Northwest Arkansas Times from Fayetteville, Arkansas on June 30, 1952 · Page 4
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Northwest Arkansas Times from Fayetteville, Arkansas · Page 4

Fayetteville, Arkansas
Issue Date:
Monday, June 30, 1952
Page 4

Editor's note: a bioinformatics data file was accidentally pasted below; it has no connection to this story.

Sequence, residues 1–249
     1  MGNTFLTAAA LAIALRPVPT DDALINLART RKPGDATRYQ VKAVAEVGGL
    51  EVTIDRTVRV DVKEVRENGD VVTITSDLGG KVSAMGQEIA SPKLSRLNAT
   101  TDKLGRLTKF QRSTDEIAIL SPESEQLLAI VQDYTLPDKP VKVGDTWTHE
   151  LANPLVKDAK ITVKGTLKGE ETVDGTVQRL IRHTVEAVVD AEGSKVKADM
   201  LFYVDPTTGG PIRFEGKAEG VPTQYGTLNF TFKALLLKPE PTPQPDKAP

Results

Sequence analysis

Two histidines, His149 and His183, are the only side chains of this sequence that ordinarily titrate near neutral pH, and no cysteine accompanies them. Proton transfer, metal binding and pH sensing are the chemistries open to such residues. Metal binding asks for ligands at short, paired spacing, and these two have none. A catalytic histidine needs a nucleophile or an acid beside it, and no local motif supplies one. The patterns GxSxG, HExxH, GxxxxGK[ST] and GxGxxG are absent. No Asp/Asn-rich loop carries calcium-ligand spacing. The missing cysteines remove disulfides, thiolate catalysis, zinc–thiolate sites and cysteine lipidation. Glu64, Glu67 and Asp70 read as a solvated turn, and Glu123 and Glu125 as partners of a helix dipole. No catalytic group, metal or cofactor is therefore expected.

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···M*»tw^. ~u ·'***·, iiitVHiiiy, .^...j JJ, . .Vgrthror at Arkansas (Ttmfg C C 5 i lMtibtd l t u «c«fiMU| r rAYCTTEVlLLE 004001*" PUBLWHWG COMPMTT BoWrla Fulbtfrkl. Juni 14, 1*N Entered at the post oifice at FayetUvllia, «Vk.. as Second-Class Mall Matttr. ·*· E. Gurharl. Vk. Prtt,-O«M»J MttaflM Tidlt.WirlU.E4U,, MEMBER OF THE AlilOClATED~PREiii'~ · The Associated I'rcss Is exclusively entitled to Uw use lor rcpubllc-alion of all news dispatcher credited to it or nol otherwise credited in ihis paper and also the local nev:t published herein. ··· --All rights of republlcation of special dii- - flitches herein are ivlso reserved. ,~~~~ SUBSCRII'TIOK H A T ! * " , W WteR . . . . . t|* ' '" (hy cirrlrr) ·Mill ',-iti In Uiimnflon. MtlHn. Uadnon coun- _i*% A r k , and Adnlr rcmnty. otJa. Onr mnntli ~. ; .,,..._ Tic Tfire* IT.C nth* . ^ f M H* monthi · . Ijit . One yen . ... . u'ao M»n ii ctiuntin other ibm iten: On^ montti « M T*lfaf mnnthk " t-i aa fla montht "" i4u iK- raar ". KS ' All m»ll niyiihn In idvine* M*mb«t Audit Buraan of Circulation § Surely ttien of low decree ave vanity, d men nf hljfh flegrw are a lie: lo h« d in the balance, they »re altogether lighter than vanity.--Psalms 62:9 Serious Business : This thing of running for nfficp is sori- · our. huBin-.BB to the men making thr. races · -- *nd it, should be to the people who will { decide who wins' the elections. We have a : tendency in t h i s state-- perhaps the same ! tendency exists broadly over the land-- to : listen to the politicians with one e»r, so to . «peak, because we t h i n k a great, deal of : what, they say is "politics" anyway. t It would behoove us to listen \vnll to ; them, and to remember. Because the men i »nd women running for office feel the · same way so much of I he ptiblte does ; they : believe the people don't recall from one . election to the other the promises the can; didatcs made the last time they ran. If L_n V ar * el(c ' led - ine f'Sure nobndy.will re'~**n what they promised and so won't re- .iWnmber to check ami see how many of ..the promises have been fulfilled. But running for office is a critical step lor many of the candidatcs-they an spending more money in many insUncei Ihiin they ever dreamed of hpforc. Wheth- "«r they win or lose is the difference in how they live, in many caien. \ ? c ' ',!" V°op}c, should forget aHout the hot air some folks would have u« be- .Jm the candidates npuot, and try to listen for the serious parts of their talks j»id we should avail ourselves of the op- Tortumty to heur them where possible, t.V Y°?, » What lhey My - For ' wnetn ' 11 - JhV «· , J 101 ' who is clpct « l lo hold the offices of the state, county and citv ^|e*ni more than a little to each one of ± Not ill men who aeek office are doing »h.m"l! y »!" their ^war wni « of them honejtly mil 'ttuxrtly We a de- rtr« ! to serve. Some see in politics an on- Port-unity (o help their communitics-not «^, but some Publfc office does present a man with abilih- (he means of fen-ing his ·C°r!,rT n ' £ nd y en arc thoiw' who run TM Public office for this very rcaion. jrn«o are those who are politicians for TTieir own- reasons. l)eniu?e they are am- brnous and see in this way of livelihood Ifu t Of t . h * nce * which «'''» b« He- tided this coming month and the next there are candidates entered who will' thTSuK "7^ WMWn «*'» County and ·* i, Jl % t kfa , n u 8 " wel! * nri '·ithfullv. * is the duty of the voter to le.rn which wen and women he fhmkn will serve best t?l-° V °i e . accnrdi "P'v. The wav to de- teu± 'I'" Wi " favnr is lo list «» «nd IP "cad | and to become informed concerning rae \nrlous candidates. Otherwise, votine «n be a shot In the dark. K J r f « w d IT f n t wn " w bf « fine Me* rf it weren't for the cost of reducing. ride - lot of P"litiTMns to ««n'«-«nrt then be taken for An intoxicated driver wrecked his trailer house against a concrete wall- ·hfwmg you another way drink can break THE WASHINGTON Merry-Go-Round DREW Washington--A quiet move is under way among tone Taft supporters to nominate MacArthur at vice president on the Taft ticket. They figure thit sfler the general finishes his keynote ipetch he will receive such populsi acclaim t h a t it would nol he d i f f i c u l t to put him across for the No. 2 place. Though there's been some question as to whether MacArthur would accept the vire presidential nomination, one m a n . Publisher John H. Perry, has sounded him out and found him receptive. Perry, a friend of Senator Tafi. was lalklng with MacArlhur about the political picture generally and Taft especially. He told Ihe general that he fell Taft was fairly sure of being nominated and that the ticket would be strong Indeed if MacArlhur were to run for vice president. 'Let it never be said," replied MacArthur, "Ihat I shirked a call to duty." He went on to state at some length Ihat his country had given him a magnificent education at West Point, had paid »nd supported him for SO years. Therefore, he was at the command of his country. * * * The most significant voles frequently arr not those on the floor of Congress but In the secrecy of committee. Likewise, Ihe most significant votes are not always on bills which will become laws, hut on the cor.nrmation of men appointed to carry out the laws. Three different votes took place last week on three men entrusted with carrying out the laws ind guarding the interest of the public. They showed how far the Senate haj drifted away from safeguarding the public. Mere are the three different votes on the three different al- legeded public watchdogs: Watchdog No. I--Tom Buchanan, chairman of the Federal Power Commission, was vetoed bv the Senate Interstate Commerce Committee, He had served on the commission for four years, fought for the consumer against the big gas and oil companies, was the only commissioner to oppose the principles of the Kerr gas bill which will aoon hike the cost of natural gas to housewives by about $100,000,000 annually. Though Bchanan was retppointed hy Truman last May, the Senate committee stal'lcd action on his appointment for almost two solid months, thanks to the secret maneuvering of the gll lobby. Finally, the Senate committee voted in strlcteit secrecy, with everyone pledged not lo reveal the votes. This column, however, has been able to obtain the voles and only four .senators. Magnuson of Washington, Johnson of Colorado! McMshon of Connecticut, Democrats, and Tobov of New Hampshire, Republican, voted for this public watchdog. Nine senators opposed him: Johnson of Texas I O'Conor of Maryland, Hunt of Wyoming, Democrats; »nd Cipehart of Indiana. Bricker of Ohio Williams of Delaware, Kern of Missouri, and Brewster of Maine,, Republlclns. Brewster earnetlly scurried nround among committee members lining up voles against Buchanan almost as if his life depended on it. Yet his state, Maine, needs cheap natural gas * * * Alleged watchdog No. 2--On the same day t h a t the committee voted against Buchanan, Ihe Senate confirmed James H. Flanagan for the Public UlUltltt Commission of the District of Columbia, even though he has voted for almost every public utilities rate increase, and though Judge Alan G»Idiborough once publicly chided him for falling to have the public interest at heart. Senatom were jo upathMic op. this vnte that only two were on the floor, Hill of Alabama and Cain of Wathlngton, when the vote was laken. Alleged watchdog No. 3-Thc same committee which vetoed Federal Power "Chairman Buchanan turned round and okayed with almost no dissenting voice. Charlet MahafJie for a new seven-year term ai Interstate commerce commissioner. Mahaffie is tt, therefore cannot possibly serve i teven-yeir term, ilnce he must retire at 70 Furthermore, MuhaMie has a consistent record of voting for the big Insurance companies in railroad reorganization cases which have wiped out billiont Invented In railroads by the public This practice by Commliiioner Mahaffie and the ILC his been tainted by Justice Felix Frankfurter, who described the tendency to wipe out holders of junior nllrsid ttocks In order to pro. tect the senior bondholder! is "the forfeiture of existing securities of vast proportions." In case after case the Interstate Commerce commission kas decided that certain railroads could not pay more than a certain amount on their securities. This has wiped out or seriously hurt the Junior security holders. But frequenllv Justice Frankfurter pointed out, the ICC's estimate was wrong and the railroads earned more than the ICC estimated--after It was too late to help the junior security holders. The man who led the had guessing In favor of the bondholders and big insurance companies usually has been Commissioner Mahaffie, whom the Senate Interstate Commerce Committee enthusiastically okayed after turning thumbs down on Buchanan, the man who fought to protect the public. The only senator who showed up Mahaffie's M) Cl v n a S veteran crusader, Senator Tohpy A Ringer Today and Tomorrow tt WALTER IJFPMAS'N The two conventions will soon; The hard core of the problem be adopting their platforms, antli is that the costs in men and monr·· those who have to write the planks of our existing- policies whir-i on foreign affairs do not have an! the Republicans would like V, enviable job. From July to N o - j promise to reduce--are in f,..,, vember is a lonr time in thir. \ seriously underestimated by i : - p turbulent world, and they cannot | Truman administration. Thus the :ount on the situation's remain- administration plan for the build ng frozen during the campaign, up or air power is calculated /· Many a thing said with resound- the assumption that the Korean ng fervor in July could look very war does not exist. As a manrr t foolish indeed by November. They |of fact that war is making serious can risk a certain amount of view-(inroads upon Ihe global powpr of nj with alarm and of pointing the United States. Even if Cnn with pride--but only if it is de-lgress will vote what the adrnini-" ·ected to the past. Boasting ind denouncing, prom- tration is asking, the development' nf our air power is not onlv sing to do this and swearing never | stretched out but may prove t 0 o do thit, will be peculiarly h a z - i b e worse still, it is strategical],- rdous in the great predicament'divided and therefore dangerous f our foreign policy. i ly diminished. The predicament, which is pain-1 · · · ul to the nation and sheer poison I Another and very imporiant factor of error has come from misjudging the military capabiii- ^ C w How Time Flies Thirty Vein Ato Todiy (Fayetteviile Daily Democrat, June 30, 1922) The Springdale News, published at i weekly since 1867, is now publishing twice a week on Tuesdays and Fridays. The twicc-a-wcck plan will be continued if sufficient patronage is given according to announcement of the publisher. Whether or not the Washington County Republicans are to lock horns with the Democrats will be settled at the county convention at the court house tomorrow. Republican candidates have ilreidy been nominated for Prairie Township offices and the convention tomorrow will nominate a full ticket for c»unl- and township offices, it is persistently reported. Twenty ye«r» AID Today (Fayetteviile Daily Democrat, June 30. 19.12) A handmade coverlet made by the Weavers' Guild, an organization sponsored by the Thrift house, but separate in its activities, is on display it J. F. Moore's. The coverlet is the Indian W«r pittern and contains the Indian bow and irrow. Miterials in the coverlet are grown and mide entirely by hand. The work included card- ill" j 2L tton * nd W00 '' s r innln K and dyeing the thread. The threid was dyed with native Arkansas walnut dye according to the old-fashioned method hy use of the out of door open kettle The coverlet was handwnven on a loom over 100 years old and is without, a seam in the center being the old time three section weaving. ' Ten Veirs A«n Todiy (Northwest Arkansas Times. June 30 1042) Thirty Farm Security administration county superintendents, clerks and officials attended a J!?HI*0 '.!!*,!;' 8111 C ° Unly nortlw " 1 Arkansas district in the Mountain Inn Monday. Plans for y M r ^ ' he pr ° Bram '"""P were *4 not later than July 10. it was announced today. Only men who are enlisted either with the army or navy reserves are eligible to take the CPT training. Men with previous flying experience or with no flying experience are eligible The courses will take eight weeks each for full- time students or 16 weeks for extra-curricular Itudcnts. or politicians in an election year, that the sj'Stem of the alliances i ot have constructed in Asia a n d ! ties of the" South Koreans and "the i Europe will, as we now con-j Vietnamese. Knowing how had- uct those alliances, call f o r , ly needed in Europe is the French rger American contributions o f : army now in Indo-China, we ha-i icney and rtiituy pcwer. · i acted on the official assumption The Truman adminisiivtion has; that if we supplied the arms and een overesti'ni'.-irg the i . i n t r i b j - j f o m e money, a nati%-e antl-Com- ons that come from !"e other j munist army of Vietnamese troons lembers of fie alliance. Thnv; could be formed to replace the ' ave planned the allhnce on a! French forces. The European ale which 'he a v a i l a b l e re-1 army, which is to take over the ources of iti members cannot main defense of western Eu-roe' As long as the whol»|on the ground, calls for the 'fo'r- usiness war, in the p'annins! mation of French divisions which phise, it iwFible K, r .i a ke a I cannot be formed effective^ fine showing of paper armies j while Ihe war in Indo-China goes « based on paper promises. But AT! on. That war in Indo-China is are now enwring the pviod carrying out '.he plans, and tb waged on t scale and with an tensity which requires--this year The new program of Civilian Pilot Training ·t the Fayettevlllc Flying service will be start- fHF ITCHY! Haaratair Cfcrtl · a a raratlw la tfcr aia«BfalBB mm Ifc* M«tUv arraii la a* a ».!«*· lm»pr« IP gala r*ia kartr* ay rarlr-aay taklBraau. »*aa atlr MaacMarr'a arrival. Bra. Or4«ll. a rollrfte a r a f t t a a r * * wlflr. «aa aiaaba* aaa Ulrr arr kMr alaa*. rrara. Baauarr rrarlf WM Bla- lakra t.r a wmmtm mmmn Clilr Mariiaua waa feu krra nrtrrr* la a ararhr rlllacr. *a*. aa aa« ·tatrkrt k«Mr a »all ak* ·«·· a »·» nai, tat* itr lakt ana 'liapprar aearaO lla aaclan. fall* la rtapprar. . By Jimmy Hallo WELL-UH-H'*1M*I LET ME TWir\ll IT OVER MILES OM IT. 1 I'M TELUlUe ER-UM- WXIT TILL I T4LIC TOMV WIPE .'ill 8* BXCK pMORSCW- REAL HEMINGMAW JUST CCULDrJ'T A QUICK MDU JTT.L SO QUICI BETTER UP HXIS M1HO B-BOT"! TDCD CU t WAS COMIMS IX CHARILY, I crept into my tent · Then to my complete surprise 'I heard voices of the two men. nil patiently waiting for me. They had not missed me and, ai emerged, Dr. David Robert! said "You did pretty well to maki yourself so charming In IS minutes." Those minutet had teemed 'like a lifetime. ; So positive was I that I alone ·rould solve this dreadful situation that I did not doubt my ability ,or capacity to do so. At I *aik« Howard th» Lodge with th» two ,men I was on wardly politely llst- .tenlng to their talk and inwardly [scheming to go back, untetn, to the stream. , My plant were Interrupted (or l a moment. A police officer stepped foul from behind a clump of lipu i and saluted Sergeant Duncan. "On duty, Sergeant, and at your service. My name ta Wallace. Captain Martin and Ihe Coroner, Bob Could, are here from Blu* Valley. Cam* in by Dead Ox Flat. A ponte Is mnered orer the district searching for Ihe killer." Then quite suddenly It cum* lo me that thit wai the motorcycle trooper who atopned m* it Car- juliMi Bririf* and aiked m« to nave m. brakea checked. It WM h* »k» aiked u I were Bate Mar- Union. | r*mnrtir«il bit iMlMt gray *TH. lmputaiv«i. I turned to Dr. Roberta ami m Km* Uttl* b*tt*r loan i whlapv, I MM kte « DM It Wallace recognized me, h certainly did not ihow it Once more 1 recounted the whol story, since the rifle bullet hit m car at Horseshoe Springs. Bot police and Roberts jotted dow not« in small books. Duncan interrupted his scrih tiling to say, "There's a woman In this some place! She stood in th road by your tree and she hit Professor Onlell over the head, stol a tray of food and Professor Or del's notes of the tragedy and then vanished." We sat on the log at the curve o the trail where the building of thi odge was vUible above the mead ow and through the trees. From the direction of the kitchen came the sound of a shot, a shout, and screams. With no bought of me, Duncan and the Doctor started running toward the odge. Officer Wallace drew his fun. My knowledge of the happening would have to. wait! Now was my chance to go back to the pool. Now or never! 1 would not be missed or a time. I turned in the trail ind sped back to my tent. As I ran I unbuckled my belt, nd jerked off my jacket and weajer at I reached the tent. It was but a minute's work to scram- le out of my clothes and into my wlm suit. Again, I slipped out of the back f the tent and unsnapped Sue't eath. Ai I knew she would, the good of ran Instantly to the willow rush bent nth which Ihe rifle l.iy Idden. She scratched .at the eaves, I reached her «ld« and icoopcd away more leaves. The 16* wai jonel · · a T wai MIT to ·** wnyl The murderer h*4 come from hit Mlnf plat* btnttUi UM watcra, ·tevtrM hit rid*, and ua*4 it ta r* th* ihot we heard. I went into th* wat«r by clam* btrtnf town th* bank at tar at Jpttajblt. Tow I taught ,,», Questions And Answers Q--Wa« George Washington appointed to any office after his term as president? A--When war was threatened between the United States and France in 1798, President John Adams ippointtii Washington comminder of the land forces. Q--Why was the Colosseum In Rome given this name? A--It had been called th* Flavian Amphitheater, but came to be known as the Colcwseum from the colossal statua of th* Emperor Nero which stood nearby. Q--In how many countries does the Salvation Army operate? A--89. S--What Republican president ran on the lull dinner pail" slogan? A--William McKinley. Q--Who was the commander of the 8th Air Force during World War II? A--Lieut.-Gen. James Doolittle. Q--Is mouth breathing in childhood harmful? · A--It may cause chronic gum inflamation and loss of teeth when the child grows up. Q--Which amendment provides for casting of separate votes for president and vice president' A--In ISOO, after Thomas Jefferson finally was chosen on the thirty-sixth ballot, an amendment was proposed promptly providing that electors should vote separately for president and vice president. This became the Twelfth Amendment to the Constitution, effective September *··), 1804. breath, pinched my nose tightly and slithered down into the dark icy depths. It wai probably 15 feet deep. Frantically, I looked about. Green most lay on dim stones imbedded in the bank. Wate. plants waved with th* motion of the water caused by my twimming. 1 could detect n* cave, outlet, or passage. Th* current draffed me slightly to to* right I puthtd with my hands on th* stoles and felt a spot where th* pool branched of and down to, apparently, an underground stream. My bratth wai gone. I bobbed ip to the surface beiide my dog to ireathe. Catching a mighty breath : grabbed poor Suiie tightly and railed her under. We went down ogether. Sh« itruggled violently and It took every once of my strength to hold her, I reached or bottom, letting myself drift with the current and w« were carried into the hoi* or cavern where the stream led. 1 found that I could itand up- ight with my head and shoulder! ut of the water. I supported Sue's paws in my arms and her head wns above the surface. T was dark as the fravc. There was probably an arched ceiling bove and beyond ut. The lir 1 rcathed wts damp and fetid. Then is we roundctf i tlight bend, I saw a faint light. It wai' im and pale but It was soft yel- ow, blessed light of day, a deliv- ranee for Sue and me. 1 waded toward It and the her«- ofore black water and rock walls scnme a dull but comforting grav The stream apparently branched nd the Inrge fork went to the ght. To the left, at a tharp angle, MW a cave. It was large, lighted ilntly ry sunshine that Altered hrough small cracks In the rocky ceiling and by a aoftly-glowing Are. I smelled th* odor of wood Mnnke. Shaking from head to foot but M tllenlly u poaiible, I climbed P th* rocky bank and out of that wful water. R«« MramkM up btttde m«. hard fact of the mailer is that our; for example--something like inri- two principal Allies,'Britjm and i opn replacements from France and Franc';, are dangerously over-!from North Africa, extended and c-..mmittt\l beyond Yet there is no serious reason their resources. They a i e c l o i n j l f o r hoping that there is in sight their utmost to «el aloni: for a j a Vietnamese army capable and while by -1»1 lying, nostponini,-willing to fight under its own stretching out, helping their breaii; | command and its own officers and treading in rrder no', j The prospect of the French armv's to embarrass us during the clco-l being replaced by a Vietnamese ''""· arniy is even poorer than our But whoever °.s elected, and n o ' prospect of being replaced in Ko- matter what his platform says.| rca hy a reasonably reliahle and | this country is facing a crisis aris-.' self-sufficient South Korean army ing out of the fact t h a i cur e l o h a l ; A n d the fact is Ihat the prospect policy is not sr-:\ cnt--the liabili- is very -ioor indeed, ties and commitments of the policy · * * are not balsnci-J, are not nearlv j The situation in which we find balanced, bj th-3 a v a i l a b l e means ourselves is not agreeable It is and forces j f ^ tl"t alliance. by no means hopeless. But all * | sound reasons for hoping rcqquire The postponement of 'his crisis the doin? of difficult, delicate, ex- · cannot be carped on for more j pensive, and by no means simple than a part of » year at best, things. In drafting a platform When it comes, when th? facts are I (hat deals with our situation no faced. I beli«- e we snail f i n d , honest and informed man can thit this crisis cannot be resolvcj | promise anything-that is ea«y or without i great America con-i peasant or cheap to do. tnbution and without a serious] j rto not think anvone should rtvuion of our policy. It is a. pretend in the platform to offer most certainly a pipe dream 1'., ia solution. There is none nn-.v suppose thai 'h s crisis can be | known. There can be none until met and overcome, as so many; the country is united ind wiilin- Republicans scsm to flak. !?· rc-u 0 fBre the consequents of reducing our expenditure! and our forces abroad. It is no less a pipe dream for the Democrats to sun- examining many things that takes for granted. The best that we. can nsk of the platforms, I be- .i ht wltk IM ilwiy*. Q* " pose that what President Truman [ licv e, is that wise and lnformr,i has been asking m the way o f | m c n W jil s( , e to it that the next men and money this year is a | president, whoever he may be. is reasonably accurate measure o f | f r e e to judge freshly and wlth- the carrying costs, year after y c a r , n u t prejudice the course we ran of all the policies lo which we take through the coming crisis are now committed. nf our alliances. Dorothy Dix Dear Miss Dix: The bottom ha? dropped out of my marriage and J am thoroughly miserable and unhappy. Some timp ago my husband hart an affair. He thinks I don't know about it, but I do. and can't bring myself to confront him with it. I fear he will deny it and if he does, I know our marriage will be at an end. If he would only tell me of his own free will I could forcive him. hut the longer he tries to keep the secret, the less faith I have in him. No matler what he docs for me, my smiles and thank-you are forced. There seems to be no answer to my problem. I. Q. Answer: There is a very d e f i n - ite answer lo your problem, hut it ! depends on whether you consider ! the salvation of your marrisgp j worth a little sacrifice. What you must sacrifice is the sadistic ! pleasure you apparently contemplate in making your husband I give a full confession of his mis j | deeds--which apparently are en. tirely a thing of the past as far ss I he's concerned. You feel thai if he doesn't tell, your marriace is doomed; 1 assure you that if he I does confess, you face a broken I future. You think you would forgive and Irust him: I douht if you would. Once you have the story, you'll bring it up at every opportunity from then on. It seldom pays to delve ton CONTTOUtb ON PAGE FIVt Gone Fishing Antwerto Pr«viout Puillt mmers ·OEIZONTAL VIKTICAI. 1 Boitonlin flth Many fish are 4 Big-mouthed Picked In I Will-eyed 2 Spoken - 3 Exit .IJFIih - 4 Poett found In water J T °w»rd the ' II Century plint shs "«red side 14 Leive out 6 Flew 15 Short deep 7 Of "ental coin , H Enliven again 'Apple-likt IwDttamition .'J"'* 1 20 Ancient Greek ' Moh «mmtdin 1 diatrict. P'fcst jJlLegil matteri jOJWng 22F*mile«h«ep "French (pi.) summe 1 24 Worthies! ·crips 1 28 Notion 1 27 Beast of burden '» What fish eat with ·31 1 Kind of bomb wCareifor the tick SSllitch-hlkinf , nsh .11 Follower »' R*trets » Formerly 40 Departs 41 Insect «Llvei, frolic 41 Burning ! inttnit « Interpret 23Haion 2 4 A » (prefix) 25 Put to flight 26 Put forth 27 Liquidates IndebtedntM . 21 Knights , 2Oet away. from the flth, cat! 31 Demigodi 33 Portents M Fiih often thehook- 40 Heredity unili 41 Concerning 42 Greek porch 43 Goad ,,, 44 Demolish if 4JFamou« ·? English tchool 47 Short letter M Red mullet it alro called fl»h / M Pull along »·** W A 1 ·· t ~ i ·· ///, ^ n 13 ^ M' i '// ^ ·) k ·;K ^, r · b ^ ft 5" r- * i'i s~ 4 -. w W isr IT , 4 r i M ^^ * r t i^B 11 r -a